Jimmy MOFFAT at REDHOOK LABS

By
Photography STAS KOMAROVSKI

Published May 18, 2015

“The people here are very renegade, very do-it-yourself,” Jimmy Moffat says during a recent tour through Red Hook Labs, the 11,000-square-foot photography studio and exhibition space he opened in Brooklyn just last month. Indeed, the industrial, hardscrabble setting seems a fitting one for Moffat, who famously launched the photography agency Art + Commerce in the early 1980s with Anne Kennedy and Leslie Sweeney out of Kennedy’s West Village apartment. “We would move her bed out when we had a meeting and put a little table down,” Moffat recalls. “There was a place called Texarkana downstairs. My friend was the bartender, and he set a dedicated line for me at the bar so I could answer calls there.”

Much to his humble surprise, the agency thrived (“I never thought it was going to be a successful thing or a full-time thing”), and it swiftly amassing a roster of superstar photographers, such as Steven Meisel, Robert Mapplethorpe, and Annie Leibovitz, and eventually expanding its coverage to include stylists, hair and makeup artists, and creative directors. Today Art + Commerce remains a fashion industry powerhouse. Moffat, however, has also recast his focus back on square one with Red Hook Labs—a solo venture he began contemplating three years ago when he started visiting the up-and-coming neighborhood. “I live a mile away,” he says, “and I just love the community.” Surrounded by the nearby studios of artists like Dan Colen, Urs Fischer, and Dustin Yellin—the last of whom has made a strong creative hub of the south Brooklyn peninsula—the space will serve as a destination for professional photographers for studio shoots, while also generating enough revenue to fund programming for emerging artists and public schools.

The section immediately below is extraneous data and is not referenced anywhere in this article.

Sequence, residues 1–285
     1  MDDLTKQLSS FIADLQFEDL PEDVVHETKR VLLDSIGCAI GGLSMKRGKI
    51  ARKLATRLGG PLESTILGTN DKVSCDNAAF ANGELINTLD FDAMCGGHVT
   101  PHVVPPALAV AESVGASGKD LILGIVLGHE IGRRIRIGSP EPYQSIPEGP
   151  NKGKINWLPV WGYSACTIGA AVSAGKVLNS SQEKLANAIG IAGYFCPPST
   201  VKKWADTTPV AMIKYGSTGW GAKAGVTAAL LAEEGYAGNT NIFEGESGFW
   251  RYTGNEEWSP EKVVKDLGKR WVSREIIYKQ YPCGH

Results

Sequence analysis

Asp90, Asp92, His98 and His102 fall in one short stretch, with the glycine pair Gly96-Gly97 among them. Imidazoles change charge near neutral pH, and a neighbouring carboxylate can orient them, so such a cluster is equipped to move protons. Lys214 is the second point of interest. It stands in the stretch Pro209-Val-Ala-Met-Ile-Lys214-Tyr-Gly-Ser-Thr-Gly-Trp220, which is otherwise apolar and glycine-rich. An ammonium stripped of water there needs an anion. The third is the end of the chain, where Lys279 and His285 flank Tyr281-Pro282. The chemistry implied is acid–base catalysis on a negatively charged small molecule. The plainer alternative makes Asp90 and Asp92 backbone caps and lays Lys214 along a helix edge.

Moffat, who previously spearheaded the launch of the School of Visual Arts’ graduate program in fashion photography (the first in the country) back in 2011 and has dedicated nearly two decades to supporting arts initiatives in underfunded communities, registered Red Hook Labs as a public-benefit corporation. “You declare that your company is not only there to create financial value, but also social value. And you have to report on what social good you’re doing,” he explains. In this particular case, images will speak volumes.